– roger

On Hammers & Nails

A visionary is someone who understands the problem at a level of abstraction such that when a potential solution appears, he can spot how it might fit the need, even though it isn’t packaged in a box with a label that says, “Solution to the problem”.

Back when the web happened along, I happened to be studying ways to deliver large amounts of maintenance data to airlines online. The problem was complex. Airlines wanted updates immediately; an updated CDROM every 90 days was not sufficient. Large data transmissions were tedious and error prone. All the client reader solutions required that customers buy and install certain hardware and software.

When http and the Mosaic browser appeared, I instantly saw in it solutions to many of these problems. What’s more, the more I looked at the potential capabilities, the more I saw of possibilities for solving other problems that I had familiarity with. The list seemed to be endless.

At that time, the official word on the web from all of my management was that it was just a fad and would never be a company standard. Somewhere in the archives of the Boeing Commercial Airplane Company is a request form with my name listed as the petitioner recommending that http and the web browser (Mosaic was the only one at that time) be adopted as an architectural standard. Attached to it is a copy of my long list of potential applications / problems we could solve using it. That list had been forwarded around the company so much that today, it would certinly be caught by a spam filter for all to fwds in the subject line.

Resistance to such a vision seems like nonsense now, but at the time, I was speaking heresy. And i was speaking it anyone and everyone that would listen.

A colleague chided me saying “To the man with a hammer, everything looks like a nail”. He was right. And now, after nearly two decades of the World Wide Web, it is plainly evident that everything was in fact, a nail.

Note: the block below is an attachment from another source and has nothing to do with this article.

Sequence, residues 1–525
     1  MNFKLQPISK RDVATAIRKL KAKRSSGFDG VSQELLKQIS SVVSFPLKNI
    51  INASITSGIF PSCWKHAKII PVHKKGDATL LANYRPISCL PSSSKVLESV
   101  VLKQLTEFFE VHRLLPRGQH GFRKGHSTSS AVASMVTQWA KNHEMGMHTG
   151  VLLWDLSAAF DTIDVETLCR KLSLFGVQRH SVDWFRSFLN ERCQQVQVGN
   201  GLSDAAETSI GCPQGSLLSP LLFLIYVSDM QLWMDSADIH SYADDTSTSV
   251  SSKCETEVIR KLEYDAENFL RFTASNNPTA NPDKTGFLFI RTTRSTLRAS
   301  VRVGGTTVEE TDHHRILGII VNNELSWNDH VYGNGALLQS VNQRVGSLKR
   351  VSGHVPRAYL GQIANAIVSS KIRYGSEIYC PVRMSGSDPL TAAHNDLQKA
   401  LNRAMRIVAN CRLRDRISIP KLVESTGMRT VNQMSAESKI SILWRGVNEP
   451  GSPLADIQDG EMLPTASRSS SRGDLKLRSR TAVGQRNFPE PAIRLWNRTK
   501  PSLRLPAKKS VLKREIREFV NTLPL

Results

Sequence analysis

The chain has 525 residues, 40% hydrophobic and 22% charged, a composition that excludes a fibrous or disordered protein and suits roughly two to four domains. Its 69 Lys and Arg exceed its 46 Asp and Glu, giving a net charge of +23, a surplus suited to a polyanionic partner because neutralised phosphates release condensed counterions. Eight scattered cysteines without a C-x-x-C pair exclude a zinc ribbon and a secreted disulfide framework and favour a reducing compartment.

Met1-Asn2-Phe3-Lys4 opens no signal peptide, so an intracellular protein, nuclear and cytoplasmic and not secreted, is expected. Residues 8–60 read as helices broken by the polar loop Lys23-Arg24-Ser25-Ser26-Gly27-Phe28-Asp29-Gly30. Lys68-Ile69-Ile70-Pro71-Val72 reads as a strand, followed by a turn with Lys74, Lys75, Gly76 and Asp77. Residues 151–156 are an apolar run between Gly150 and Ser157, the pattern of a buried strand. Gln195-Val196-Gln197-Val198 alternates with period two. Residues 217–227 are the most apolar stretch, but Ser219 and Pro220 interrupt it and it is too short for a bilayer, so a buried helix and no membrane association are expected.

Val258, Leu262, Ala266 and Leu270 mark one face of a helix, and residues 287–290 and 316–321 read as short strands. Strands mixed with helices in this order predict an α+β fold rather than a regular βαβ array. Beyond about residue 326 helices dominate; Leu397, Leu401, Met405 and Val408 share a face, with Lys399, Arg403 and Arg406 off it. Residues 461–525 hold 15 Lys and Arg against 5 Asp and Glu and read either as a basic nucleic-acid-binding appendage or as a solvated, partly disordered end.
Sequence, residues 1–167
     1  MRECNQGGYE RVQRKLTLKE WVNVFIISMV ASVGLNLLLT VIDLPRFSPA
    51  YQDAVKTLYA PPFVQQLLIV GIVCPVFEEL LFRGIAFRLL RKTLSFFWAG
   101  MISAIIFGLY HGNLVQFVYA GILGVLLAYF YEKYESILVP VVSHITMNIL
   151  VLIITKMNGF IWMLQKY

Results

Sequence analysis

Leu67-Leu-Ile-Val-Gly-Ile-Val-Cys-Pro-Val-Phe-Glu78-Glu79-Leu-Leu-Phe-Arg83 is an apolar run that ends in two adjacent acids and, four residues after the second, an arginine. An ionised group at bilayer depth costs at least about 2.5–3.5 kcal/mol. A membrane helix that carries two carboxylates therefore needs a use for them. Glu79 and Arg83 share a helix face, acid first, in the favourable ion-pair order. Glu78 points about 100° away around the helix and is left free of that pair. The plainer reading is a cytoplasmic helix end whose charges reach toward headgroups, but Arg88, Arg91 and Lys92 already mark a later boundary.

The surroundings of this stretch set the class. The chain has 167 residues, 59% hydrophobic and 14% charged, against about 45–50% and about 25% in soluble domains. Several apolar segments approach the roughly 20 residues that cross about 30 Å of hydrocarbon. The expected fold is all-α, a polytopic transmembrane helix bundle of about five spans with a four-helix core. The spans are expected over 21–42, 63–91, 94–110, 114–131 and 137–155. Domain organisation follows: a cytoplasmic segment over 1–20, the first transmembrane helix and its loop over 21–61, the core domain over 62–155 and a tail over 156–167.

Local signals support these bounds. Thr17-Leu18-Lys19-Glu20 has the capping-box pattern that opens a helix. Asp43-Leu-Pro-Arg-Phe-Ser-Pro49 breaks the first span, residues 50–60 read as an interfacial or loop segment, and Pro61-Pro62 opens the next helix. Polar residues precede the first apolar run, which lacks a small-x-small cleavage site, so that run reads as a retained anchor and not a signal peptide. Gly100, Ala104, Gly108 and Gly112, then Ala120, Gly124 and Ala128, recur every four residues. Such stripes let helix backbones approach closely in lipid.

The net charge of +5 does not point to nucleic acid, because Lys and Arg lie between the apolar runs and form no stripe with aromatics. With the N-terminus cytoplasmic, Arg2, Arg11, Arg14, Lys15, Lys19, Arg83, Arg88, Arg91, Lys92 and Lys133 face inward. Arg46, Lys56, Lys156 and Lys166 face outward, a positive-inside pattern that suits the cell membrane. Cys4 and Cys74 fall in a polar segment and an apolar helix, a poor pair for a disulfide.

I saw the future corectly; even my outlandish vision was a gross underestimation.  My only regret is that I was in an ill position to capitalize on it properly. I didn’t start or join a dot.com and I struggled to find a niche among others who shared the same vision.  As the sci-fi stories often conclude, seeing the future and being able to do something about are two different things. I have, however, gotten a little better at it than before.

These days, I have a large box of hammers and like collecting news ones. Some I discover, others I make. Nails come in all shapes and sizes. I still spend a lot of time studying them. And I when it comes to solving problems effectively, I hit the nail on the head on a routine basis. It’s what I do.

If you have a good hammer, don’t be shy. But do study about nails.

– roger, a self-proclaimed visionary and nail hammerer

Experience Design Icon

XD Steel Icon

This is a gift to my group at my day job.  Experience Design “XD” is the name we are known by in a culture that gets it.  Usability is the target, yes, but it is the target’s edge. In 2012 the center is an awesome experience.  That is our mantra.

A little side note about XD in place of UX

The term “User Experience” happened when we realized that creating a User Interface (UI) is not the goal, but the means. The user experience is the goal.  In that title, “User experience, or UX, needing to explicitly include the word “user” is actually baggage leftover from the days when an “interface” without that distinction of user interface was assumed to be something connecting different parts of a system.

Ironically, interface was a purely technical term that borrowed the word “face” from the human context and metaphorically applied it to mechanical or virtual elements.  The coining of the term “User interface” was actually borrowing the term back to describe a human element as one side of the connection. That usage grew so much that the word interface alone has now come to more often mean the user interface.

The word ‘experience’ has no such baggage. There is no history of any part of the system besides the user having an “experience”. So making such a distinction is unnecessary.  So, since we know that we most definitely are not referring to a part of the system having an experience, do we really need to even say “user” anymore?  And if there is someone else, another person or group of people, that is impacted by what we do besides the “user”, well okay.  It’s still an experience isn’t it? And that is what we are designing isn’t it?

So then, just “experience”.  Yes, it sounds a little Hendrix-esque. And that’s okay too.

– roger

– Music in the short video is by Zuriel Merek